This time of year is busy, but try to incorporate a regular walk, run or workout into your week, experts advise. Regular exercise has physical and mental health benefits, including combating seasonal depression.
“You’d be surprised how much just 10 minutes of movement after a meal can help,” Collier previously told USA TODAY.
It’s also helpful to check your sleep habits. A consistent bedtime routine can improve both the quality and quantity of sleep, setting you up for success before parties and busy days ahead. Read tips from USA TODAY’s experts to improve your sleep hygiene here.
How are your stress levels? Worried about upcoming family gatherings and gift shopping? We’ve got tips on how to handle awkward questions at the dinner table, what to do if your family hates your partner and how to manage chronic stress, which experts say should be taken seriously.
7. How to navigate a party snack table
At holiday parties, we sometimes fill up on appetizers or main courses before they even come out on the table. With an abundance of appetizers and snacks, it’s easy to overeat and develop unhealthy habits. To maintain moderation guidelines, Papa recommends serving yourself and then leaving the table.
“When there are food tables, make yourself a plate and leave,” says Pappa. “I think a lot of mindless eating happens when we’re leaning against that table all night.”
She also recommends choosing traditional holiday foods over year-round snacks like chips and pretzels.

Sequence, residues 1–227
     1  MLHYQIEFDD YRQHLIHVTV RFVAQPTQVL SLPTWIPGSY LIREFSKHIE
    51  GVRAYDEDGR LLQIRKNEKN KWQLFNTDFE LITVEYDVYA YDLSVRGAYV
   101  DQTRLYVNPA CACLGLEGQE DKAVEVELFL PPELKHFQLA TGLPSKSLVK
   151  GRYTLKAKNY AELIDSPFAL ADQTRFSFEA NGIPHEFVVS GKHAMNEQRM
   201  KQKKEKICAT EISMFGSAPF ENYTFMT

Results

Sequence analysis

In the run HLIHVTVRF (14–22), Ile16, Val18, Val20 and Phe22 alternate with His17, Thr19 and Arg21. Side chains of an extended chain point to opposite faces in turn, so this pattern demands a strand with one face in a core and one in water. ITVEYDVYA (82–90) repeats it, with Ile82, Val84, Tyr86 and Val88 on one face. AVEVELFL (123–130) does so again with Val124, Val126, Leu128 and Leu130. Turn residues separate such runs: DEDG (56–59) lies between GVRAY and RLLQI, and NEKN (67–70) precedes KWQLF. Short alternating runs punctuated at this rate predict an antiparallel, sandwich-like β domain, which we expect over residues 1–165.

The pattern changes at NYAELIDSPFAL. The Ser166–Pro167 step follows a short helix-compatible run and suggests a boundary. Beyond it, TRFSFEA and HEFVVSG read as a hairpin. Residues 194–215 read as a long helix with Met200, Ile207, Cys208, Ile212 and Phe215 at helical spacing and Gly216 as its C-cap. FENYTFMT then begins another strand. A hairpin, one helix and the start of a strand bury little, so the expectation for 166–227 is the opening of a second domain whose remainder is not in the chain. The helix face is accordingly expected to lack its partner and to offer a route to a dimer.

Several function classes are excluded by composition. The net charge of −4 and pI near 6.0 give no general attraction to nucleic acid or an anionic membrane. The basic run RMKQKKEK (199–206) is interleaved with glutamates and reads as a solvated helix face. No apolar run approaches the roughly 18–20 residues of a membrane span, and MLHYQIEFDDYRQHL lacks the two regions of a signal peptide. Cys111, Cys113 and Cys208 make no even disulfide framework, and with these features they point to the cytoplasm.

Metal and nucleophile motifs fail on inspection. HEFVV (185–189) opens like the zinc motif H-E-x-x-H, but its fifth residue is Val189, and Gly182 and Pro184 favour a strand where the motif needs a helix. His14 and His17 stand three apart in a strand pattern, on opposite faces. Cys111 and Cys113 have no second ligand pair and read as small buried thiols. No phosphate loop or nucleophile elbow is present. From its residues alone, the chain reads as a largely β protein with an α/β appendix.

8. How to manage diabetes during the holidays
People with diabetes are advised to avoid added sugars and refined starches, two food categories that often appear in holiday spreads. Collier, whose work with Nutrisense includes glucose monitoring, advises diabetics to carefully weigh the carbohydrates they choose to put on their plate and prioritize fiber and protein sources instead.
Desserts can be heavy on sugar, so she recommends getting creative with keto and low-carb recipes.
“Bring a sugar-free or low-sugar dessert that you like so you know there’s something in there,” Collier says.
If you or someone you know is struggling with body image or eating issues, contact the National Eating Disorders Alliance’s toll-free therapist helpline: 866-662-1235 for emotional support or treatment referrals. If you are in crisis or need immediate 24/7 support, text “ALLIANCE” to 741741.